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On the phrase “Thy kingdom come:” “This line is not merely an observation that Christ will return, but is another call to action:  when we say Thy Kingdom come, we are inviting the Kingdom in!  Our native Greek speakers recognize this immediately, and had to explain to the English speakers that this is an invitation, like ‘Come, dear Kingdom!’  We are inviting the Lord to reign over us, asking to be made His servants.  We invite servitude, that we might carry the Kingdom in our hearts.  More than recognizing that the Kingdom will be here eventually, we are asking to become a part of the Kingdom today.” ~ https://blogs.ancientfaith.com/raisingsaints/teaching-lords-prayer/

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“To pray that this kingdom [God’s kingdom] comes continually and eternally into being is no small matter… as we know from St. Paul’s letter to the Colossians, our entry into this kingdom is dearly purchased and radically achieved… Citizenship in this kingdom supercedes all others.” Fr. Apostolos, http://www.ancientfaith.com/podcasts/rain/the_lords_prayer_part_two

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“We want to be part of that kingdom of God’s friends on earth. When we receive Holy Communion and participate in the other sacraments, it shows that we love and accept God as our king. It shows we want to try to live according to His law.” ~ “The Lord’s Prayer,” “Little Falcons,” issue #39, available at http://www.littlefalcons.net/pdf/2014_Backissues.pdf

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“Indeed, what are we praying for when we pronounce these absolutely unique words, ‘Thy kingdom come?’ Above all, of course, we pray that this encounter may take place now, here, and today, in the present circumstances… Furthermore, we desire that the whole world, which so evidently lies in evil and longing, in fear and in striving, would see and receive this light… We pray also that God would help us not to betray this kingdom… and that finally, this kingdom of God would come in power, as Christ says.” ~ Alexander Schmemann, “Our Father,” pp. 40-41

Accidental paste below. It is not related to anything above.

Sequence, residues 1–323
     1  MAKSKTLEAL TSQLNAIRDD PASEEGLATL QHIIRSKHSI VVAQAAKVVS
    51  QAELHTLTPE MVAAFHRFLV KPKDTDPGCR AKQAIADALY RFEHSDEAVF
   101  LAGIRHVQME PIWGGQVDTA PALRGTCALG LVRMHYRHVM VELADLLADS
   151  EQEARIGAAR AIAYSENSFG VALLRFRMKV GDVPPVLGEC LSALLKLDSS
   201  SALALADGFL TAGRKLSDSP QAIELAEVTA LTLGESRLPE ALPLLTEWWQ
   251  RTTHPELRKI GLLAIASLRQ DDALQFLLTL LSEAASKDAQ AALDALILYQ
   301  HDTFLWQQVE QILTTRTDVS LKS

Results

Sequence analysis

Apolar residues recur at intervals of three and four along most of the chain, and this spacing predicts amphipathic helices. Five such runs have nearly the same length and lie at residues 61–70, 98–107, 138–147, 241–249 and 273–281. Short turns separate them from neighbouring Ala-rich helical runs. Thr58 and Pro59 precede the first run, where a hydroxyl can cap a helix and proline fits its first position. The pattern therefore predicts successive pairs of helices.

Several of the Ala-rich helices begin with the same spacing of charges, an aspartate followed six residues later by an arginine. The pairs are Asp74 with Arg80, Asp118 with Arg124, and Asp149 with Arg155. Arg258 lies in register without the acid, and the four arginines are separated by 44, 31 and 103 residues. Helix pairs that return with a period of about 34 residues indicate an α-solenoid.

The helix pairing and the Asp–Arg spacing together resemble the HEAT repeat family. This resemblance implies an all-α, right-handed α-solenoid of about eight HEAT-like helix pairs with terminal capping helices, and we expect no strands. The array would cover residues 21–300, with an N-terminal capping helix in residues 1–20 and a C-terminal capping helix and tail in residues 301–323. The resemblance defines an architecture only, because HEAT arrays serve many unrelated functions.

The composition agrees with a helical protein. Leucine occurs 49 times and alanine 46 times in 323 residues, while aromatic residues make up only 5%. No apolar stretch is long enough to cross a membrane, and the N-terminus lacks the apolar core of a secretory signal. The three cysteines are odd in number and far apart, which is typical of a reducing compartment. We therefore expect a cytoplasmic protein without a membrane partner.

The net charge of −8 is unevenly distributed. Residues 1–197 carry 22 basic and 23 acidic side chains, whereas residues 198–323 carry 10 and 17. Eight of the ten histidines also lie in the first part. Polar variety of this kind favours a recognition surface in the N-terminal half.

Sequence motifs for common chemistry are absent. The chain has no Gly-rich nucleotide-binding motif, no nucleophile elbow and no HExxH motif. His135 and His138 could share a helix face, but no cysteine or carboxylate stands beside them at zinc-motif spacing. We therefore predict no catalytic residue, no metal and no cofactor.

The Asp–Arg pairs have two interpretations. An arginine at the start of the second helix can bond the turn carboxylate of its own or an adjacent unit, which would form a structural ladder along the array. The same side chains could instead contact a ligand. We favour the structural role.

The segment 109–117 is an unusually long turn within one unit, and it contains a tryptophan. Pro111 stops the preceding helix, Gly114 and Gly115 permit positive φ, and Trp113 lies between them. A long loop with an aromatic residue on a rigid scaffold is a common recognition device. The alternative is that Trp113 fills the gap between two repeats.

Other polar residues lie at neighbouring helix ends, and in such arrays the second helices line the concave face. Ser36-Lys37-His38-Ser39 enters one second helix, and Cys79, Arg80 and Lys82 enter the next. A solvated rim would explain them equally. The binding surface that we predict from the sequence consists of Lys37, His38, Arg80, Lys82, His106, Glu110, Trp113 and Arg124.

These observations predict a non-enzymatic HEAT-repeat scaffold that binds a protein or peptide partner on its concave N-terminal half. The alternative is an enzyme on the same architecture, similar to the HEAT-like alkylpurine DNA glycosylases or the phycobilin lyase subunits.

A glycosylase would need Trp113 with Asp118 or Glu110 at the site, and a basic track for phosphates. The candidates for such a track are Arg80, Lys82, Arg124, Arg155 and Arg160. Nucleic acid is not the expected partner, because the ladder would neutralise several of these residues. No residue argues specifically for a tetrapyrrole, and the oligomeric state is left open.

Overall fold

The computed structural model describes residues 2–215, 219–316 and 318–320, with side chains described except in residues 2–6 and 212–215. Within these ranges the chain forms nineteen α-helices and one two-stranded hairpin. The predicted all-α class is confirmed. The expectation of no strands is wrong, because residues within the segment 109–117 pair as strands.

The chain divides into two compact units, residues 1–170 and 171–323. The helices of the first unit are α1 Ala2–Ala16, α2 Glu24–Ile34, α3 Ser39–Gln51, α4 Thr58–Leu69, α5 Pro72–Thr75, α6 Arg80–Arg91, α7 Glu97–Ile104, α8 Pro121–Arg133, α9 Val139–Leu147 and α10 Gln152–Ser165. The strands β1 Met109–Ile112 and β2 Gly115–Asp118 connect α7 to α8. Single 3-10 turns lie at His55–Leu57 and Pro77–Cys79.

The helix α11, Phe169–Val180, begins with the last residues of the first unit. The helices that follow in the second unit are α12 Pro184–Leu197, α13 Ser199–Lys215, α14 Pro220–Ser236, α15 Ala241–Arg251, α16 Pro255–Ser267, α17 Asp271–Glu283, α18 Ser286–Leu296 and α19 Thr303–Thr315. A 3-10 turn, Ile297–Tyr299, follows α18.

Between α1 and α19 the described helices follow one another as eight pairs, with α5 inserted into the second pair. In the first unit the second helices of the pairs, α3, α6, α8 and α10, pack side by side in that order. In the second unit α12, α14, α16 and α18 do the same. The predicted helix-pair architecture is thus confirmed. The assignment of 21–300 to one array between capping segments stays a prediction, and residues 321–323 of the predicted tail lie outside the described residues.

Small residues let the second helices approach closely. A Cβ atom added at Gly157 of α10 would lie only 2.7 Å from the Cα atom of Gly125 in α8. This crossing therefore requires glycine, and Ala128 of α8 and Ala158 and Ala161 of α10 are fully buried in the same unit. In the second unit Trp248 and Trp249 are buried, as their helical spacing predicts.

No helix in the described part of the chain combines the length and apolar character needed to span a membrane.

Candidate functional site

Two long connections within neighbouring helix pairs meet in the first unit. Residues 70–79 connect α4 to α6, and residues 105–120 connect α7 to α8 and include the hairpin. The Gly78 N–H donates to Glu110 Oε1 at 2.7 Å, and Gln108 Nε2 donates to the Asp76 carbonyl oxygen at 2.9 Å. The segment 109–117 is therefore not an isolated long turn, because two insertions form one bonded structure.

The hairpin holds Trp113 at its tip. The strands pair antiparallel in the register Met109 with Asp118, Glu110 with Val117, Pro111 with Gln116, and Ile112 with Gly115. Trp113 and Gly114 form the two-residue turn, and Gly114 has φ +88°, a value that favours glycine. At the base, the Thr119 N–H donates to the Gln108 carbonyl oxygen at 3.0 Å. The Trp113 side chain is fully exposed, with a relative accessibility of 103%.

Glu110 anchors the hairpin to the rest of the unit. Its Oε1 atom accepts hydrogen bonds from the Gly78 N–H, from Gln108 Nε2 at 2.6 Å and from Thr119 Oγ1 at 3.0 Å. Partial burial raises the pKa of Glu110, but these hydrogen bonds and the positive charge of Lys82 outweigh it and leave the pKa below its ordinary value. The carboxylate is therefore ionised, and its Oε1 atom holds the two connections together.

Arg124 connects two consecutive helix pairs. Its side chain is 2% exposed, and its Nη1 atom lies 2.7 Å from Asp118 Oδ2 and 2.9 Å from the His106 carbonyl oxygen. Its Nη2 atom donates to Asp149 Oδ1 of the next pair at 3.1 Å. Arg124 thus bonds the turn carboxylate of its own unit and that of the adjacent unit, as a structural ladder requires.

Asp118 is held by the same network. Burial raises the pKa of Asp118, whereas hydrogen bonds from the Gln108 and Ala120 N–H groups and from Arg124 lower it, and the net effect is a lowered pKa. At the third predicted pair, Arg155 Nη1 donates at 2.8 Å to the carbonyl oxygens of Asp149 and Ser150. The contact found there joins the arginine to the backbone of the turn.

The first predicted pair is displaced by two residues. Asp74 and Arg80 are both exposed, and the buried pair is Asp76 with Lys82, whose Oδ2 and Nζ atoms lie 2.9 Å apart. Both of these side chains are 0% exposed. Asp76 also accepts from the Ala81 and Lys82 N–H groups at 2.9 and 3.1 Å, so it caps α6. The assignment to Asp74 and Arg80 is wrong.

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“In a sense it isn’t even a prayer, rather it is the heartbeat of anyone who has at least once in his life seen, felt, loved the light and joy of God’s kingdom and who knows that it is the beginning, the content, and the fulfillment of everything which lives.” ~ Alexander Schmemann, “Our Father,” pp. 41-42

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Idea: Read this parable about God’s kingdom (http://www.kidssundayschool.com/478/gradeschool/at-the-carnival.php) with elementary-aged children. Together discuss the parable, and how it compares to God’s kingdom. In what ways does the parable explain the Kingdom well? How does it fall short?

Older children can look up the following parables that Jesus told. Each parable talks about God’s kingdom. As you read each one, discuss what Jesus was teaching about God’s kingdom, through the parable. Here are the parables, with a somewhat descriptive name and where they are found in the Gospels: The Hidden Treasure (Matt. 13:44); The Pearl of Great Price (Matt. 13: 45-46); Household Treasures (Matt. 13:52); Leaven/Yeast (Matt. 13:33 and Luke 13:18-19); Scattered Seed That Grows (Mark 4:26-29); The Fishing Net (Matthew 13:47-50).

On the Lord’s Prayer: “Hallowed be Thy name”

‘Hallowed’ means holy. God’s name is already holy, whether or not we say so! But when we pray “Hallowed be Thy name,” we are saying that we want other people to recognize the holiness of His name. We want them to know that He is holy. The best way for others to learn about God’s holiness is for us, the Body of Christ on earth, to live in a holy way. After all, as CHRISTians, we have taken on Christ’s name as a descriptor of the life we intend to lead! So, how we live reflects back on Him, in the eyes of our family and friends. Our life either shows His holiness, or we have much work to do (and forgiveness to ask from God and from those around us)!

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“When I pray saying ‘Hallowed be Thy Name,’ the meaning of these words apply to me actualizing God’s blessings. Lord, through the cooperation of Your help, may I become blameless, just and pious. Abstaining from every evil, may I speak the truth, practicing righteousness and walking on the straight path. May I shine with prudence, be adorned with incorruption, and be beautified with wisdom and discernment. Overlooking earthly things, may I set my mind on the things above (Col 3:2) and be radiant with the angelic manner of life.” ~ St. Gregory of Nyssa, in his commentary on the Lord’s Prayer. Read more in this blog post: http://orthodoxwayoflife.blogspot.com/2014/08/what-does-hallowed-be-thy-name-mean.html